He said it sheepishly, almost embarrassed that he had revealed himself to be so new to all-out urban warfare.
On Nov. 14, Payton was clearing a house and pivoted into one of its rooms. A fighter hiding inside fired a bullet in his leg and lobbed a grenade. Payton fell in the doorway, bleeding, and his buddy Lance Cpl. Kip Yeager dragged him out. A medic wrapped a tourniquet around Payton's leg and they evacuated him.
His company thought Payton would make it, and the young Marines congratulated one another. They thought they had something to be happy about after a week of grim bloodshed.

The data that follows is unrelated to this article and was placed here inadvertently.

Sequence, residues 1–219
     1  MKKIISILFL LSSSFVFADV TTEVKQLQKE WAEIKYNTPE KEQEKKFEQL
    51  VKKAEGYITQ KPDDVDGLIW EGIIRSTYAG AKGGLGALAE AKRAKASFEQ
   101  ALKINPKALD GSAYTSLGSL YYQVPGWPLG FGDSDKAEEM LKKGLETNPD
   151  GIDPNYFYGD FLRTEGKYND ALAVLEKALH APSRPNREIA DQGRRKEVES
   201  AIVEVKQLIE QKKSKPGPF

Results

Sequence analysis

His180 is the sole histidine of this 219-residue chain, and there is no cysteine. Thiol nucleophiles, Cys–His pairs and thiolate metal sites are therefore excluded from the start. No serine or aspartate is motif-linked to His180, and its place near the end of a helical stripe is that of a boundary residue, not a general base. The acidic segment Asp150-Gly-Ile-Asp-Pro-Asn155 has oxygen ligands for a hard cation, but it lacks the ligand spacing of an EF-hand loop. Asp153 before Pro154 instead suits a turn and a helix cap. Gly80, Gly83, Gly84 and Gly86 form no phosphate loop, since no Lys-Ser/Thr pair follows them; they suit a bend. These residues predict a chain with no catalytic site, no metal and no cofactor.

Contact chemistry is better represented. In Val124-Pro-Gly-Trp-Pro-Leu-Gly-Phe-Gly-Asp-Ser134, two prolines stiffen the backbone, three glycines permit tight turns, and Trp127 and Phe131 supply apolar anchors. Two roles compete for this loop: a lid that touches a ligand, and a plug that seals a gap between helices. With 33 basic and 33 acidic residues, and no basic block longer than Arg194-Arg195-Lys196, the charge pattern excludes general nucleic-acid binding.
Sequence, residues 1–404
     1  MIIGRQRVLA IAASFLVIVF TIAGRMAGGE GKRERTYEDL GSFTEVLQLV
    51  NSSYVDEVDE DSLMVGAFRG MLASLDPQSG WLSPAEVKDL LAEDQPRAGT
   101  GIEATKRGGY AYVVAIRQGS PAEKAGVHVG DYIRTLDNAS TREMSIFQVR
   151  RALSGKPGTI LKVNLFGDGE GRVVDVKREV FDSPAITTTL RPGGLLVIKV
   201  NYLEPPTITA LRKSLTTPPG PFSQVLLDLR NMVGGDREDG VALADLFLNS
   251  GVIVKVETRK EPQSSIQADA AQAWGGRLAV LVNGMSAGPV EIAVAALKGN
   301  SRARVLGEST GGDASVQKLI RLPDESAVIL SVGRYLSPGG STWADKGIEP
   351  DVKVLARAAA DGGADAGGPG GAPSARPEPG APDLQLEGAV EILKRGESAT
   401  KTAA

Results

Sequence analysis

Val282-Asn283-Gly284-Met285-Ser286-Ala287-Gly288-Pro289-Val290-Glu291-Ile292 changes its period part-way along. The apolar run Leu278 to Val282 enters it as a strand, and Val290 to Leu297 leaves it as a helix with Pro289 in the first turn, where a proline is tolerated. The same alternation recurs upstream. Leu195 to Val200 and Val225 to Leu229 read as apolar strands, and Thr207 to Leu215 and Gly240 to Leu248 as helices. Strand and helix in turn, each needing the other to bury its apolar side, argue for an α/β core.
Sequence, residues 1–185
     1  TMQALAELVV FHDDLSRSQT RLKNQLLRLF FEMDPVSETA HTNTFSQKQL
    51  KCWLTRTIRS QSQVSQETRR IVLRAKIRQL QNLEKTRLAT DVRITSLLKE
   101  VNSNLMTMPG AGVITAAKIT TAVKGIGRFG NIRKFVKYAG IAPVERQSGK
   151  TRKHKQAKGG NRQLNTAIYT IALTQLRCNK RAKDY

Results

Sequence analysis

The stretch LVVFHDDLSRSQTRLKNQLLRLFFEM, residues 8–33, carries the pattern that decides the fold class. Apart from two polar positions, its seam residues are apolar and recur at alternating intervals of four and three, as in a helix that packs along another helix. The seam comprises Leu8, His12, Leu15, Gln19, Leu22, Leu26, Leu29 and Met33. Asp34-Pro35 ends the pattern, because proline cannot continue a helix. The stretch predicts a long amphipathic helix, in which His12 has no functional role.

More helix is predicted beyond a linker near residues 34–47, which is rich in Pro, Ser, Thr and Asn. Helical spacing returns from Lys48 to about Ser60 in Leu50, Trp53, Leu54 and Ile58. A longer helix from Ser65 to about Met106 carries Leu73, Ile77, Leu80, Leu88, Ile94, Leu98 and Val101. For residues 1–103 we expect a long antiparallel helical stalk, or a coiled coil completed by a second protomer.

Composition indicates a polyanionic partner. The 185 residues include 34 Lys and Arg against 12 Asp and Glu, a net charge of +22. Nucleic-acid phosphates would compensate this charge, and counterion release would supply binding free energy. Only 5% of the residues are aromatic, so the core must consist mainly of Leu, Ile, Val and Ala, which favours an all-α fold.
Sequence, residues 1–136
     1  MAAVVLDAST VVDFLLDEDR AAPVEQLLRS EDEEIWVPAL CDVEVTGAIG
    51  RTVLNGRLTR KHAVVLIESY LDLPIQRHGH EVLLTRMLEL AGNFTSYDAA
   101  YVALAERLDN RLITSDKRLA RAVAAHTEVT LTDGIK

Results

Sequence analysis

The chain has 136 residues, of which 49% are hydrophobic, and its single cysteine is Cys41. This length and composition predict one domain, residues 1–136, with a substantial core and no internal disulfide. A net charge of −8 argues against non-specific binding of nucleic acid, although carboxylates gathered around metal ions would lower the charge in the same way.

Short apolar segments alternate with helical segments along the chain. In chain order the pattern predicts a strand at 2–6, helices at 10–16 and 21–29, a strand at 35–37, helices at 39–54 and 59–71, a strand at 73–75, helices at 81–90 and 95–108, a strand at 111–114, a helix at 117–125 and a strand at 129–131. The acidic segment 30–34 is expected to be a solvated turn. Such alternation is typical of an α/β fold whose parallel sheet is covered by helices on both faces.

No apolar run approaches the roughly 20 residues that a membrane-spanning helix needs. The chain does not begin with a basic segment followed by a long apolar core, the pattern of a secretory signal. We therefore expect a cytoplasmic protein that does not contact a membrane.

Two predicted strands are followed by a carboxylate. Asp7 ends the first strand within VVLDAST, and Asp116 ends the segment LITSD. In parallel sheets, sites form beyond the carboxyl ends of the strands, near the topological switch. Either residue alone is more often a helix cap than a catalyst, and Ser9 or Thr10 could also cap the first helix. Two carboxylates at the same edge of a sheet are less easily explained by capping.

I still remember how sure they were that they had saved their friend's life. Only later would they learn they were wrong. Payton died during surgery at a military hospital.
Last year, I saw his old platoon commander, who carried Payton's picture in his wallet, along with photos of the others in his unit who died in Fallouja. He glanced at the photos for a second and then put them away.